“This work on yourself is necessary; this ambition justified. Lots of people let themselves be wholly absorbed by militant politics … much more rare are they who, in order to prepare for the revolution, are willing to make themselves worthy of it.” – Pierre Hadot
I was seduced by philosophy when I was 18. I was a punk, and an anarchist. I lived by a tacit imperative to rebel, to question all the worldly ideas I had inherited, to transform my own desires, and trust that the world would crumble in their wake. The first time I read Plato, Spinoza, Nietzsche or Foucault their words answered to some inner call, to something I already felt deeply but could not adequately express. And then, somewhere along the way, as I was squeezed through the institutionalized drudgery of college and graduate school, I fell out of love. I believe it is academic philosophy, the professionalization of the passionate quest and its transformation into a discipline, that is responsible for the negative stereotypes most people have when they hear the word philosophy: something disconnected, hyper-intellectualized, obscure, pedantic, boring, and completely irrelevant to everyday life.
Recently I stumbled upon my first love again, after abandoning it for many years. Decades, actually. And I beheld it with different, more mature eyes, after the trials and tribulations of quitting academia, spending a decade as an activist, going through a life crisis and emerging through to the other side as a Buddhist and a closet mystic. And it was precipitated by a chance coincidence, or a synchronicity as Jung would call it, of coming upon two books. The first was Pierre Hadot’s Philosophy as a Way of Life. The second was Raoul Vaneigem’s Revolution of Everyday Life, the catechism that had first molded me into a radical, and which I had forgotten for so long. But I won’t talk about the second one just yet.
It was in the 1970s that Pierre Hadot began describing what ancient philosophers were doing as “spiritual exercises.” Foucault discovered these obscure writings and popularized the concept as “care of the self.” At its inception, philosophy was not a series of abstract thought experiments but a process of radical transformation, of turning one’s life upside down, born out of a profound dissatisfaction with oneself and one’s environment. And it was practiced both as a form of therapy – of freeing oneself from bad desires and conditioned behaviors – and as an art of living – of experimenting with different techniques in order to recreate the self. Practicing philosophy was inspired by a kind of self-help ethic, but the self was not understood in isolation. Small, anarchist-like groups, which Hadot called communities of research and mutual assistance, formed the arena for collective experimenting and learning.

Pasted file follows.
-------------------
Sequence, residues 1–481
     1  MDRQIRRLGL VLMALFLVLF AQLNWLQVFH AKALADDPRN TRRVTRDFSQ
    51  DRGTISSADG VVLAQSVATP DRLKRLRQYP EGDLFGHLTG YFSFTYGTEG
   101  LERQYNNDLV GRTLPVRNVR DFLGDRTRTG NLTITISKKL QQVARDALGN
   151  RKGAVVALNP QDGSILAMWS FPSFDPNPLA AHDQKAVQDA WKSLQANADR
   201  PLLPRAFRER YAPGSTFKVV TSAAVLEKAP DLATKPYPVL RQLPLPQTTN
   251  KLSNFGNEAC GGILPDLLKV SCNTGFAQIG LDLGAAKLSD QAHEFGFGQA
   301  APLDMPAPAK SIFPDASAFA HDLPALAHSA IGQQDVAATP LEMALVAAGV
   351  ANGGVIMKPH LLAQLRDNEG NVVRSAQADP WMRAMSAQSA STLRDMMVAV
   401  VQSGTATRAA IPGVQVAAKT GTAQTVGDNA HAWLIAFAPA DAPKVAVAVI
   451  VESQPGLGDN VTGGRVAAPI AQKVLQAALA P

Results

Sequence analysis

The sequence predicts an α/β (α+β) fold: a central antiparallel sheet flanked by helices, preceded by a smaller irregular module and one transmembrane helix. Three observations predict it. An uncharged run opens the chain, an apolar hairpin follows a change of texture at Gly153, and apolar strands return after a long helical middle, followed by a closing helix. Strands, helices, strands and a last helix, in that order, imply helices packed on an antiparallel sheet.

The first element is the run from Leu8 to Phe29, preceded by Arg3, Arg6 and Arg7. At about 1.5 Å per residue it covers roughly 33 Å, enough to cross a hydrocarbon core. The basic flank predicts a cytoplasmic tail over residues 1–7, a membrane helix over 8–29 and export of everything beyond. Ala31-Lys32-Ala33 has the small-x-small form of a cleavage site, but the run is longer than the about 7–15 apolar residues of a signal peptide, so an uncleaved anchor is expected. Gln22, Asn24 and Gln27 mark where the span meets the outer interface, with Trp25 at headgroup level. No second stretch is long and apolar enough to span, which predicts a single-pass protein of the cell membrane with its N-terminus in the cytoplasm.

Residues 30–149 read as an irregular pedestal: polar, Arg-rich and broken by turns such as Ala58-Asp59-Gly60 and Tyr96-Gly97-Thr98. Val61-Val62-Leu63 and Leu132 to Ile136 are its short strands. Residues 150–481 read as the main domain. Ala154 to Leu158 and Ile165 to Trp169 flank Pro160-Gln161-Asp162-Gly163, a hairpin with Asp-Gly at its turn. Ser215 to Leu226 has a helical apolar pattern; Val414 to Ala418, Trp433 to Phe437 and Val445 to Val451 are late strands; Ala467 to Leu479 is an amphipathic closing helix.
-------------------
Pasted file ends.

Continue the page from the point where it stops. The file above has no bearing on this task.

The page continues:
“Spiritual exercises” isn’t the most fortunate expression Hadot could have used since it invokes a spirit/matter dualism that seemed foreign to ancient philosophy, which was as much bodily as it was spiritual. The exercises included attention to the present moment, journal writing that subtracted personal tastes and even the pronoun “I”, fasting in order to break habits, and experimenting with states of excess and privation. Although there were parallels with Buddhist practices, and even speculations about direct influences, the main difference was that the Greeks and Romans focused on the continuity between the psyche, the body and the community. During the march of history, as philosophy moved increasingly into universities and became a specialized discipline, there remained a few heretical voices on the margins, who didn’t make their living as “philosophers” but for whom it remained a burning passion, a form of rebelling against idols and inherited ideas, and a practice of self-therapy that re-created the self as a higher being capable of acting ethically and living joyously. And what I saw in the musings of these heretics, across a mirror that was both timely and eternal, was the reflection of my own becoming.